Their new running line includes 3 collections: The Joyride, The TechloomTM and The Windchill, each of which is designed to reduce stress on your feet in order to maximize your energy while running. We have yet to test the shoes out, but if this company’s past is any indication, I don’t want to wait much longer. To learn more about the company or buy a pair for yourself, check out their website. And be sure to post your results in the comments section below!

Photo courtesy of APL 

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Lighten Your Stride: How to Transition into Minimalist Sneakers

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Ready, Set, Run! Training Plans for a 5K, 10K, and Half-Marathon

 

We Tried It: Speed Camp, Part 3

Written on June 11, 2014 at 1:06 pm , by

FITNESS senior editor Bethany Gumper went to Nike Zoom Speed Camp, where she tried the new Nike Air Zoom Pegasus 31 and trained with some of the fastest athletes in the world, then watched them make history at the Prefontaine Classic. Learn a few tricks to take your running to the next level.

***

Get Inspired By The Greats

Meet Mohamed “Mo” Farah

He’s a double gold medalist in the 5,000 and 10,000 meters at the London Olympic Games. Here, Mo’s top tips:

Take care of your body. If you want to get faster, the most important thing you can do is stay injury-free. “I do this by wearing the right shoes and training sensibly,” says Farah. “I also look after my body: take ice baths, get massages, do my weights.”

Have a race day ritual. Sticking to a routine will help you stay calm on the big day. “Most of my races are in the evening,” says Farah. “So I wake up and go for a little jog in the morning. When I come back, I have breakfast and shave my head. In the afternoon, I listen to some music and take a nap.”

Get in the zone. Feeling nervous? “Think back about your training and how hard you’ve worked,” says Farah. “That’s what really gets me going.”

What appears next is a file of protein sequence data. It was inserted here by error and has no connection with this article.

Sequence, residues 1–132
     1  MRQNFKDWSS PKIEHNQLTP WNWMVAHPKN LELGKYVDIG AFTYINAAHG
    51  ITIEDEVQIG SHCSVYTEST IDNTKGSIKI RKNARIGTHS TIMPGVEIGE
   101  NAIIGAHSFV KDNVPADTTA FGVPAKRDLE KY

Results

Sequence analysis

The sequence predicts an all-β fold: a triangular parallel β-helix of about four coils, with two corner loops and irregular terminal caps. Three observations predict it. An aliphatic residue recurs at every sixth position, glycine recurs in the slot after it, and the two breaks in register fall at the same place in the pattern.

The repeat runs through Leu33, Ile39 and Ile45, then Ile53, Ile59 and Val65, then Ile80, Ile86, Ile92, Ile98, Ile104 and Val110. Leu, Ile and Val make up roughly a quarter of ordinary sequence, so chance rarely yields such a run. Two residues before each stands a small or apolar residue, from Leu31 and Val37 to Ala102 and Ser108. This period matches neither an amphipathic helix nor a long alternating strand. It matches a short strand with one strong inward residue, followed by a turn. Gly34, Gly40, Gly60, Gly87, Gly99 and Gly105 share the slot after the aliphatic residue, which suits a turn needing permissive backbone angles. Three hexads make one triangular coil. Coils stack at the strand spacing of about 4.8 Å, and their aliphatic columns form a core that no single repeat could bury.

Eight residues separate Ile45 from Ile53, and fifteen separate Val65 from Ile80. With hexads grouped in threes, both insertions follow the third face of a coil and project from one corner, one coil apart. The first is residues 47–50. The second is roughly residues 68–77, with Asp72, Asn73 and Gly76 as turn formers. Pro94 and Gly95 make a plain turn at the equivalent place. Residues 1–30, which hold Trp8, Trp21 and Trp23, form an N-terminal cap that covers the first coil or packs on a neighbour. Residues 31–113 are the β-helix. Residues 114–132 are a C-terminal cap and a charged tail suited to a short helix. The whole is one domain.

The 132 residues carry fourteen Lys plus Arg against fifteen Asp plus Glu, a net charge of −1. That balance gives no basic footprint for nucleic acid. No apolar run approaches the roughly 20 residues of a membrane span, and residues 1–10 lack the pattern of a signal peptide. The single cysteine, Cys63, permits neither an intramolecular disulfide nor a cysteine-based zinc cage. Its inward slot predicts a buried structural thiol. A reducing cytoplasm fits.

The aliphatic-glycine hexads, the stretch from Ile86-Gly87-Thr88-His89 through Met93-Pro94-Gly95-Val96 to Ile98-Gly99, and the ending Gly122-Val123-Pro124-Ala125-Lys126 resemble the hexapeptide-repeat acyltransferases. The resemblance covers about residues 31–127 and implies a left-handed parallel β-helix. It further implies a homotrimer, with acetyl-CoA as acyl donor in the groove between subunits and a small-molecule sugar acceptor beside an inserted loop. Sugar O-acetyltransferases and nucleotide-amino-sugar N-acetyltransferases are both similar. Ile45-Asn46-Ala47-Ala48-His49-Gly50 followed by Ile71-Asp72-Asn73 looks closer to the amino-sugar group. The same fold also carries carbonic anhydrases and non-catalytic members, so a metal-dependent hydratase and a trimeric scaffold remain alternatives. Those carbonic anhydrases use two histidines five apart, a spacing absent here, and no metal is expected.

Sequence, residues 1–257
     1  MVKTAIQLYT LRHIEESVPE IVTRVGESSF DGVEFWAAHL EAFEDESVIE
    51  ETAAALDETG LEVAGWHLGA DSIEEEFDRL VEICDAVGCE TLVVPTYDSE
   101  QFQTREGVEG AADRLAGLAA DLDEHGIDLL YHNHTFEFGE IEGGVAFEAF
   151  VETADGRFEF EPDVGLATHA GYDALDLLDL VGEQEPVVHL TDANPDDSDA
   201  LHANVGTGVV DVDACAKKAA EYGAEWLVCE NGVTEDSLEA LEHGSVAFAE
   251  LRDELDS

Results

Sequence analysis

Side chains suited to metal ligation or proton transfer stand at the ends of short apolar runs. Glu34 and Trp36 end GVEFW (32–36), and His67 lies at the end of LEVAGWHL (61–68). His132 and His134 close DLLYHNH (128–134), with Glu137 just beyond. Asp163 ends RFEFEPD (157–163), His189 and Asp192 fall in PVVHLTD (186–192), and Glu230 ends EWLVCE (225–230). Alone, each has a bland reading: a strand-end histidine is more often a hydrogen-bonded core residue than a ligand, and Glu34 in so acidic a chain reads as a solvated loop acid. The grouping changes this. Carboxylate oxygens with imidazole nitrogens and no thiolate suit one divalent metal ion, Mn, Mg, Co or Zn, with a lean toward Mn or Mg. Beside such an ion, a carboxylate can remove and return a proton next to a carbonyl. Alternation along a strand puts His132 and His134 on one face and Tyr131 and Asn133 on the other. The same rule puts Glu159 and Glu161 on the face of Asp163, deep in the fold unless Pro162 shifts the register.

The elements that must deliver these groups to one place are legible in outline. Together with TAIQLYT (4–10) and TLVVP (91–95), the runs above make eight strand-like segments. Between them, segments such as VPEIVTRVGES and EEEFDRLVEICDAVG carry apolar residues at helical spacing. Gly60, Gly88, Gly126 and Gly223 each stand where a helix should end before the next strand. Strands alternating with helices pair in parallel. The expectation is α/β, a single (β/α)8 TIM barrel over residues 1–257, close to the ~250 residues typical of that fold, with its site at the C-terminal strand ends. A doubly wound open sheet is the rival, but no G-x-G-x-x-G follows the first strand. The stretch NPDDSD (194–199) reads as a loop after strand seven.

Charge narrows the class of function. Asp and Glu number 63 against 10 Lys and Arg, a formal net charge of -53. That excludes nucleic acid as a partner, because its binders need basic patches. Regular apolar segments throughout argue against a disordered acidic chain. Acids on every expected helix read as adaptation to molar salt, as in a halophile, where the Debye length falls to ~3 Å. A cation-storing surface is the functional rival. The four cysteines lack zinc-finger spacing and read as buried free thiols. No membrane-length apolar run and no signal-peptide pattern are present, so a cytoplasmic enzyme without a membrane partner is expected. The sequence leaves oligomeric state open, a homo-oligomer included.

Now meet Carmelita Jeter

No wonder her nickname is “The Jet.” This Olympic gold medalist and American sprinter who specializes in the 100-meter is the fastest woman in the world. Down-to-earth Jeter is all about the three C’s:

Catnaps: On days when she has an especially rigorous workout, she takes a 30- or 60-minute nap to help her body recover. “Every night, I try to get at least eight to ten hours of sleep,” she says.

Core work: “During the season, I have a special trainer who focuses just on the core muscles,” she says. “It’s not just about lifting tons of weights. It’s about making sure I have a strong foundation.”

Cupcakes: Jeter started working with a nutritionist last year, who has her eating baked fish and chicken and lots of veggies and brown rice. But she doesn’t deprive herself. “People assume that because I’m an athlete, I never eat anything sweet,” says Jeter. “I will tear up some cupcakes. One cupcake is not going to ruin the diet.”

More Workouts We’ve Tried: 

Speed Camp, Part 1

Speed Camp, Part 2

Equinox’s Flow Play

We Tried It: Speed Camp, Part 2

Written on June 10, 2014 at 2:06 pm , by

FITNESS senior editor Bethany Gumper went to Nike Zoom Speed Camp, where she tried the new Nike Air Zoom Pegasus 31 and trained with some of the fastest athletes in the world, then watched them make history at the Prefontaine Classic. Learn a few tricks to take your running to the next level.

***

Your Speed Secret Weapon